We grab a few minutes with Alex O’Brien – the man behind Hull’s legendary DnB night Shinobi.
Shinobi is one of the North’s biggest and best drum and bass nights held over at Hull’s legendary alternative nightclub, Welly. With 3 rooms of straight-up bass-driven music, they hold their end of year season party this June and it’s guaranteed to be a wild night.
Alex O’Brien, the man behind all things Shinobi, tells us where it all started and what we can look forward to for the rest of this year and in 2017.
So who founded Shinobi? How long has it been running now?
There were originally four of us, me, Mikey J, Bungle and George. It’s been going for fourteen years. The other guys we set it up with disbanded and left to do ‘proper jobs’ around eleven or twelve years ago and I’ve carried it on on my own since then.
Why did you decide to set up Shinobi and why in Hull?
We are all from Hull originally and we found there was no other way of playing the music that we were into without doing it ourselves. There was somebody else doing a similar kind of thing but we weren’t getting a look in at the time, so we just went for it ourselves and it started to do really well!
Along with some massive names coming through in terms of headliners, do you have any regular Shinobi residents?
We have one main resident called Shimah aka Hamish Laing. He’s from Beverley and has been a resident with us for years. He’s had releases out on Playaz Recordings (DJ Hype’s label) and Radius Recordings (DJ Hazard’s label) and he’s just a wicked DJ. Our resident MC is called Rafta who’s one of the UK’s best upcoming MCs.
How does it feel to see Shinobi continue to grow over the years and do you feel your audience has changed since you first started?
From my point of view the audience has changed because the people who come to watch are like, 18 and I’m a lot older now. The drum and bass scene is much bigger and generally the bass music scene in general has just got massive. I’m 32 now and my group of friends that used to regularly come has got smaller and smaller as they’ve got older but it’s great to see new blood coming through the doors and see people who are still really into the music. It’s just bigger than ever.
Obviously the DnB tag runs wide and deep – for people who haven’t been to a Shinobi event, what can they expect? Anything from Jungle to Liquid?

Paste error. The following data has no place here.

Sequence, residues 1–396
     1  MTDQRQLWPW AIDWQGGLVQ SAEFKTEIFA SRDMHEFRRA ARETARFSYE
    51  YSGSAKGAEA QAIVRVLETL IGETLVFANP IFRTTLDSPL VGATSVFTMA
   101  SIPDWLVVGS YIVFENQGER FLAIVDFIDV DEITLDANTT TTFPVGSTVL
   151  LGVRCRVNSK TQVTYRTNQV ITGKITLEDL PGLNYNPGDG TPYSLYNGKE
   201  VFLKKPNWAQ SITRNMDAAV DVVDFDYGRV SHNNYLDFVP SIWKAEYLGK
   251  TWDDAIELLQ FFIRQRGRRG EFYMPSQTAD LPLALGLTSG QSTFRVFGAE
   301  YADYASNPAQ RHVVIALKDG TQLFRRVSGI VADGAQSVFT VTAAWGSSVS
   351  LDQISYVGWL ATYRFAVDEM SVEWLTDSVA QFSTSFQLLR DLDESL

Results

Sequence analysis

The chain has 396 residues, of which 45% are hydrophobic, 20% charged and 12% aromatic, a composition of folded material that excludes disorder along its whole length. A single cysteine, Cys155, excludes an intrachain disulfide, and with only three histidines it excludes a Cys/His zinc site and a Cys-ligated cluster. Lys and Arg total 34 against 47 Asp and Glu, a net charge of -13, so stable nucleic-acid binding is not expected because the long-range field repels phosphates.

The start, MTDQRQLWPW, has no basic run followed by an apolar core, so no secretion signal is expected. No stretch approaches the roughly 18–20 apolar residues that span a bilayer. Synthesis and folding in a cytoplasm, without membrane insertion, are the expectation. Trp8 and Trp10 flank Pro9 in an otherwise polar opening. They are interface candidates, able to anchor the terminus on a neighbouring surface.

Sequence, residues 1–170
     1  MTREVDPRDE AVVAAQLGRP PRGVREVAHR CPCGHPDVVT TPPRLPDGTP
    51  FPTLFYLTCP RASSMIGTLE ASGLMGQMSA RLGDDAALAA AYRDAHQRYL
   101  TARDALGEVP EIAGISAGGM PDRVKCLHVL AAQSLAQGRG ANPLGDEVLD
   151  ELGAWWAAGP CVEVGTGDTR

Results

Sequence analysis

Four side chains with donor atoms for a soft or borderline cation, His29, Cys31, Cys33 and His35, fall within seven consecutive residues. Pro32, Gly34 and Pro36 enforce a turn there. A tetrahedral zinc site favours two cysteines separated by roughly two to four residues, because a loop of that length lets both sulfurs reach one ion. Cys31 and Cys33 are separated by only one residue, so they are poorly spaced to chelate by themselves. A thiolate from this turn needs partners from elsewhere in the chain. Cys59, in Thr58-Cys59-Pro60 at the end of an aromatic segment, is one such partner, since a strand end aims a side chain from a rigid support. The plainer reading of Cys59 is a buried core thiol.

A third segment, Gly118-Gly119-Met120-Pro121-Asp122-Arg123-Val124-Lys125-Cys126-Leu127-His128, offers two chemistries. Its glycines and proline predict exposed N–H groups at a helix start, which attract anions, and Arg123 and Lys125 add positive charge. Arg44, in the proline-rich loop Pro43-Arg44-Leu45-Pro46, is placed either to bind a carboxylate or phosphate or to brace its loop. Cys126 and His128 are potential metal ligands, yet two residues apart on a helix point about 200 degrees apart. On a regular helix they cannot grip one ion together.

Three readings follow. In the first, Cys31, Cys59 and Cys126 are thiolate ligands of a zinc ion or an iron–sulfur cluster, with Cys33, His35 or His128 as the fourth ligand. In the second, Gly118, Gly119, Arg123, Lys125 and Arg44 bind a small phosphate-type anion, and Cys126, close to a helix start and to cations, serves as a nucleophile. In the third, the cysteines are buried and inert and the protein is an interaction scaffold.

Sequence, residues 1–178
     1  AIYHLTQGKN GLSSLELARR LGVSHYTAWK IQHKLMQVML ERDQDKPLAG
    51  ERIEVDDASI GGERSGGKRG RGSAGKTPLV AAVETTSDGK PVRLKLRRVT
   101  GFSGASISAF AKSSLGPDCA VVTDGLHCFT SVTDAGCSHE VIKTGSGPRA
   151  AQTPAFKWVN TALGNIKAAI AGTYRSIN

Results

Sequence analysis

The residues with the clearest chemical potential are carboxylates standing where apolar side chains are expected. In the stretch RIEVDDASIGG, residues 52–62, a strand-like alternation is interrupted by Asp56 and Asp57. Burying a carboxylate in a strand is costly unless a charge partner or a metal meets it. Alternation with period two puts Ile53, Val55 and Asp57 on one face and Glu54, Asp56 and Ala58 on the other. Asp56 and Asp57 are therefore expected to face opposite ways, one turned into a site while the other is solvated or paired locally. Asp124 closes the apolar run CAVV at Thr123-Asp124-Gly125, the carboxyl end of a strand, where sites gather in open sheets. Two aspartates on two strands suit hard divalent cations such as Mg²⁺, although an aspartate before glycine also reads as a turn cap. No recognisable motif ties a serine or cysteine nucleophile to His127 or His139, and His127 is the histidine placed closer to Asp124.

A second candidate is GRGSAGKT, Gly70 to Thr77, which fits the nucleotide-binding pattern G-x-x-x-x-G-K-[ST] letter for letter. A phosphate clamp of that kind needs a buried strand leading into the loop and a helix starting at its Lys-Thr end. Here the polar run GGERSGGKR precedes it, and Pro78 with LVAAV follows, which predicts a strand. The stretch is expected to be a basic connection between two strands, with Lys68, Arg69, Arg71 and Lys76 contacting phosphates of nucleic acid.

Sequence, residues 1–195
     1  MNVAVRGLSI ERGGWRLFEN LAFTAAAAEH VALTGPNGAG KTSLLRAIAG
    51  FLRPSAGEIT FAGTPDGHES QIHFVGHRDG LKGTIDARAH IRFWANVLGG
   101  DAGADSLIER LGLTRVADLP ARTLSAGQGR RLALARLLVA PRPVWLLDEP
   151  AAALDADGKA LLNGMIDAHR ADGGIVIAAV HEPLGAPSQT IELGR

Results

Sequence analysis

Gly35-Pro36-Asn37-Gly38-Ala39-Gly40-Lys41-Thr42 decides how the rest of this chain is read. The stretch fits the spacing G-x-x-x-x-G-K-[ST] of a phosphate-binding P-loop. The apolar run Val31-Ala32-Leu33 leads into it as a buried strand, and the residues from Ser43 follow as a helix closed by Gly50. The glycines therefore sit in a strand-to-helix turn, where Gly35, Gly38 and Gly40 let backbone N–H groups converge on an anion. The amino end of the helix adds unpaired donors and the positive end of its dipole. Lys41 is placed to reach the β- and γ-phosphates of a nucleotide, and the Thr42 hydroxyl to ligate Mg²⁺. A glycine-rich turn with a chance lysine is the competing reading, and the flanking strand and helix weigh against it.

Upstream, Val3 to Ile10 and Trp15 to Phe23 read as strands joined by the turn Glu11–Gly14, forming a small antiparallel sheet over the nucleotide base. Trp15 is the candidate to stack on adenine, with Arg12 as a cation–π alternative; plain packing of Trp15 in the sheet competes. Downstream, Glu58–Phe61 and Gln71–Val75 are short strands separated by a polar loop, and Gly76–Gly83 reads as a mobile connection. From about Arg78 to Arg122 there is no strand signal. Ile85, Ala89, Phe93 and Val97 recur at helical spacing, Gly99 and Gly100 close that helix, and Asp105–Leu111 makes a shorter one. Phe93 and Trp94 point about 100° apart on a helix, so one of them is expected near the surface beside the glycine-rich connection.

All types of drum and bass but also reggae and grime music in general. I think what they can expect from Shinobi is big loud and intense full of raves.
With the current resurgence of grime and techno in full flow – how is the DnB scene looking right now?
I think it’s looking better than ever. People like Andy C are playing all over the world to tens of thousands of people so you can definitely say it’s just massive all around the world. Particularly on an international level, some of the festivals in Belgium and the Czech Republic are filling 10-15,000 people – it’s pretty healthy.
Any fresh new Hull talent we should keep an eye out for?
I think the people who are already making waves are just going to get bigger and bigger through all genres, particularly WAFF – he’s absolutely killing it playing all over the world. I think the likes of DJ Shepdog and Shimah aka Hamish Laing are already doing well. I think there’s definitely up and coming club nights to look out for, Get Down and Crystal Clear… Get Down has just started, a reggae night. They’ve done Mungo’s HiFi and Shepdog, both are doing really well.
How does the DnB scene in Hull differ to other major cities such as Leeds and London?
I think comparatively for the amount of people, the drum and bass scene is really good. We’re often compared to Leeds and Leeds is a much bigger city. I think the club scene in Hull is generally really healthy for the size of the city. I like playing in Hull because you can’t recreate that community anywhere else and I think that’s why I keep coming back and doing events here. I think London is so big you just can’t recreate it in the same way.
Do you have any exciting plans for the rest of this year? What can we look forward to?
I’ve got one more show before summer this year with Shy FX and Sam Binga, Serial Killaz, Skipadee, a really big line-up. Then through autumn and into next year we will continue doing events. We can’t announce the line ups of those shows yet but we’ve got some great names. We are at a point where it’s not just about getting more and more people, we just want to give people a good time.‘We’ve got this one year – let’s go for it.’
What do you think the City of Culture will mean for Hull and how do you think Shinobi will benefit from it?
The City of Culture will be good for Hull because it will put a spotlight on the people who are already and who have been for a number of years been doing great things. Whether they are artists, bands, photographers, promoters… anything like that, I just think it’s a brilliant opportunity to showcase those people and give them more recognition. Particularly the musicians and the artists – their work will get seen further afield. It’ll also be good for Shinobi and give us more opportunities to throw more parties.
Generally, it can only be a good thing, it will give people like me go for bigger events because it’s under that umbrella and they will have the confidence to really go for it and think ‘We’ve got this one year – let’s go for it’.
Grab your tickets for Shinobi’s end of year season party here.